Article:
What is a trust?

A tool to gain control over your estate

A trust is a contract that gives an individual or an institution—like U.S. Bank, for example—the authority to hold legal title to assets while managing them for the benefit of others.

Trusts can help you ensure that your assets are distributed and managed according to your wishes. In certain circumstances, trusts may also create other benefits such as tax efficiencies.

Learn about different types of trusts

Participants

 

Key players

The Grantor

Otherwise known as the trustor or the settlor, the person who funds the trust and chooses the beneficiaries

The Trustee

The person or entity that administers the trust according to the grantor’s wishes

The Beneficiaries

The people and organizations—such as spouses, children, grandchildren or charities—who receive benefits from the trust

Services

 

Corporate trustee

Many grantors choose a corporate trustee to manage their trusts and settle their estates. For example, U.S. Bank has been administering trusts as a corporate trustee for over 100 years. Here’s what a corporate trustee does:

Alleviates burdens

Settling an estate can take an emotional toll after a loved one’s passing. A corporate trustee provides services to settle an estate, which otherwise can be a complex, time consuming and stressful process.

Balances competing interests

During an emotionally charged time, a corporate trustee plays the role of an objective party who takes into account the interests of relatives, close friends and other beneficiaries.

Provides support

A corporate trustee is an independent fiduciary partner. Typically, a grantor works with a single point of contact who has access to experts in a wide array of related services.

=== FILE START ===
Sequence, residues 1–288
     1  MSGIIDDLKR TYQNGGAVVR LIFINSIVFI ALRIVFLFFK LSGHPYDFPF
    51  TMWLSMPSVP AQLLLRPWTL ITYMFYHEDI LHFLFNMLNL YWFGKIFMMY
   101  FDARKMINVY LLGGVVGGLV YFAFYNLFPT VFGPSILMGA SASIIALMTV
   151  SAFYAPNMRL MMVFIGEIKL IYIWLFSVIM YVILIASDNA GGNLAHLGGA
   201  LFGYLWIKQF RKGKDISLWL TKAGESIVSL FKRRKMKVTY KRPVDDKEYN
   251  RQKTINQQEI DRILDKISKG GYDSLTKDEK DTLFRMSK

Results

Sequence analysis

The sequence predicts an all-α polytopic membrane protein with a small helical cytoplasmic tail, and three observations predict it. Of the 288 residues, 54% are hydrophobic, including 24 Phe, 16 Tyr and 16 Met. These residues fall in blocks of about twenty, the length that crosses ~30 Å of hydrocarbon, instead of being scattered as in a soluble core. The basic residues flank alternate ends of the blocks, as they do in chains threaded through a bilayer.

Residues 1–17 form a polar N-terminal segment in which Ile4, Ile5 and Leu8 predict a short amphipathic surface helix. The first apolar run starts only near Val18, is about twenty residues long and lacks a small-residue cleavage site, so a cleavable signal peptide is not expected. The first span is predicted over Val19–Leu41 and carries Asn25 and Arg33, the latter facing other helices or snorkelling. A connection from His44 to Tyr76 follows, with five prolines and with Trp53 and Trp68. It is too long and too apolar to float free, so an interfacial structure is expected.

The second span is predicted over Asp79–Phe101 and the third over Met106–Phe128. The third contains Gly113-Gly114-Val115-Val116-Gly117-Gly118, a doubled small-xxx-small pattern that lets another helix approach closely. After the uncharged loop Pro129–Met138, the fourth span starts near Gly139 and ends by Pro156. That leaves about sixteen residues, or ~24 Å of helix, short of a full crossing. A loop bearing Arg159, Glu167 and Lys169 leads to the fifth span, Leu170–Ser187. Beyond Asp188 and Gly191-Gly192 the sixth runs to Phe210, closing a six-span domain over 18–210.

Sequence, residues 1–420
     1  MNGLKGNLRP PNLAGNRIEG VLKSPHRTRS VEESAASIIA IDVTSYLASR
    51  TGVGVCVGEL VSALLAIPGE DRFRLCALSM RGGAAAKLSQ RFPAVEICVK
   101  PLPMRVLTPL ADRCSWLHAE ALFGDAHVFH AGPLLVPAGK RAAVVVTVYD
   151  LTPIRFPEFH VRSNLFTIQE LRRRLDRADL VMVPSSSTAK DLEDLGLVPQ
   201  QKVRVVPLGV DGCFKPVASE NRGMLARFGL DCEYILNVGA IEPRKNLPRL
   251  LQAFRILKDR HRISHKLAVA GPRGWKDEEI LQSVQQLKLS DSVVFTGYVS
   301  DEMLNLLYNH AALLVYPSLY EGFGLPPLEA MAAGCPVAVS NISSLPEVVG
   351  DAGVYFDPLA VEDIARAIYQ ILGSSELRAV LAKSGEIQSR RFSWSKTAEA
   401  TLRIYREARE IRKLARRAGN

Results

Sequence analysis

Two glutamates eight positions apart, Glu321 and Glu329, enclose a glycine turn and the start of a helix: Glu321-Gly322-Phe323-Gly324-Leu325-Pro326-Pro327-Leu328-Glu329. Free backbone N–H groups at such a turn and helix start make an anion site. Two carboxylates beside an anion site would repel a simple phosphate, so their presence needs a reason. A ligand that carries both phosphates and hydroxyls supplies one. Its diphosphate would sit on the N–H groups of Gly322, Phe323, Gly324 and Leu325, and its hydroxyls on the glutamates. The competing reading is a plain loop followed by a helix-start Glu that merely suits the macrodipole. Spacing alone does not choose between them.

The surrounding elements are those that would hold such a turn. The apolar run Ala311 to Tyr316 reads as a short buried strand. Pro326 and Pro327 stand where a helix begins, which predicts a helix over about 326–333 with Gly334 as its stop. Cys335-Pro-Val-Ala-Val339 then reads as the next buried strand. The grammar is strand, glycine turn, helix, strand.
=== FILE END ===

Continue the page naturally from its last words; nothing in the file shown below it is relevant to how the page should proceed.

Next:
Financial Matters

 

Trust Considerations

When you set up a trust you encounter a variety of critical financial issues.

Asset management

Invest in ways that are consistent with your investment objectives and intent.

Learn about our approach to investing

Estate planning

Work with tax and legal advisors to ensure your estate plan is comprehensive and properly documented.

Tax management

Deliver tax information for personal income tax filing purposes; file tax returns for irrevocable trusts and provide required documentation to beneficiaries.

Privacy maintenance

Protect personal matters from the public—including the identity of beneficiaries, statement waivers and sealed court documents—to avoid public court accountings.

Philanthropic planning

Arrange for gifting to charitable organizations.

Learn about our approach to charitable giving

Situs considerations

Consider options regarding governing state law for irrevocable trusts.

Learn more about trust situs

Insights

 

Types of trusts

Some trusts can be modified after they are created, while others are irrevocable after they are legally established.

Learn more

Trust and estate planning

Read various featured articles on the topics of trusts and estate planning.

Browse articles

Your guide to trust planning

This guide will help you understand what trusts are and what they can mean for your financial future.

Learn how